Consider this stunt:
“KPI Ninja conducted risk score analysis in partnership with Johns Hopkins’ ACG® research team [.]” KPI Ninja’s Nextera study, page 7.
“We were not directly involved in this analysis.” Associate Director, HopkinsACG.org.
On the other side, most people in the health care advocacy and academic health policy community more or less ignore direct primary care. I’ve not found many strong opponents of direct primary care. At the same time, even respectful, careful commentary like this one by a university professor is described as a “hit piece” (read it for yourself).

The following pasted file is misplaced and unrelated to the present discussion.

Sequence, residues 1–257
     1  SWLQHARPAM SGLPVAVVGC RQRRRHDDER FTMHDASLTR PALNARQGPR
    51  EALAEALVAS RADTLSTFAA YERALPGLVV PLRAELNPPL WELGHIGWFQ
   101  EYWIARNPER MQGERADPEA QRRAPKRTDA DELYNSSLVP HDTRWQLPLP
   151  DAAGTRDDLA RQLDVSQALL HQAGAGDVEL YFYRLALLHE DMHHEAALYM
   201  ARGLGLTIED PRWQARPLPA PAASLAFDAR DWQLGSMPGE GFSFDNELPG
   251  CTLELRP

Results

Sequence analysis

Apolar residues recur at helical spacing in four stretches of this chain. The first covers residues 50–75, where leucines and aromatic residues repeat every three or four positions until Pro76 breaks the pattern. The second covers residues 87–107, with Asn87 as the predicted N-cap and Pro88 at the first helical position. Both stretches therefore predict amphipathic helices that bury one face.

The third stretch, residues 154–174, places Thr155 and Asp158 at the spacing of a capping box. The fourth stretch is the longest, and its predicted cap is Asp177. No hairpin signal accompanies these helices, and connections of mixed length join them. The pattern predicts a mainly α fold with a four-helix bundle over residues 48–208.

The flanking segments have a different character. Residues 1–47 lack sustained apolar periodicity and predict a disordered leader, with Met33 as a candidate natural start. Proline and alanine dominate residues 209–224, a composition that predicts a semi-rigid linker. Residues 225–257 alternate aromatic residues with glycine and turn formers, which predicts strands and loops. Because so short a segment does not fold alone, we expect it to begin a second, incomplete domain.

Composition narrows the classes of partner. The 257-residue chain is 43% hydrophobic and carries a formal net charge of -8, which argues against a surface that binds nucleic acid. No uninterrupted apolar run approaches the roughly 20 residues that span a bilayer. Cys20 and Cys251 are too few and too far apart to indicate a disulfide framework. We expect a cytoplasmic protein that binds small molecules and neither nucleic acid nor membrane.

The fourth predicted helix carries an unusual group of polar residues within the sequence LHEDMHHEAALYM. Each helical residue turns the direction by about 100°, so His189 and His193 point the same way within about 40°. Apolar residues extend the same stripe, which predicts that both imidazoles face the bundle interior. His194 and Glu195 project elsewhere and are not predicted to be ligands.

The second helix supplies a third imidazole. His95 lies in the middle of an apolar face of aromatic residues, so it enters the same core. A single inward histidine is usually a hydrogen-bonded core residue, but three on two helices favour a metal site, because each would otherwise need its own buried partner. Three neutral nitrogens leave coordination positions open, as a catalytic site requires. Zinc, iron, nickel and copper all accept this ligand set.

Show me any one making dubious claims that derogate direct primary care and I’ll analyze those, too, with enthusiasm (and snark). Show me a claim that seems too good to be true, but is actually true, and I’ll affirm it. Use the contact form. Use the comments. Publish elsewhere and send me a link.
Q: Why do some posts seem to labor tediously to rebuild known phenomena from near scratch?
A: (1) I don’t write well. (2) as I age, it gets worse. (3) “What I cannot create, I do not understand.”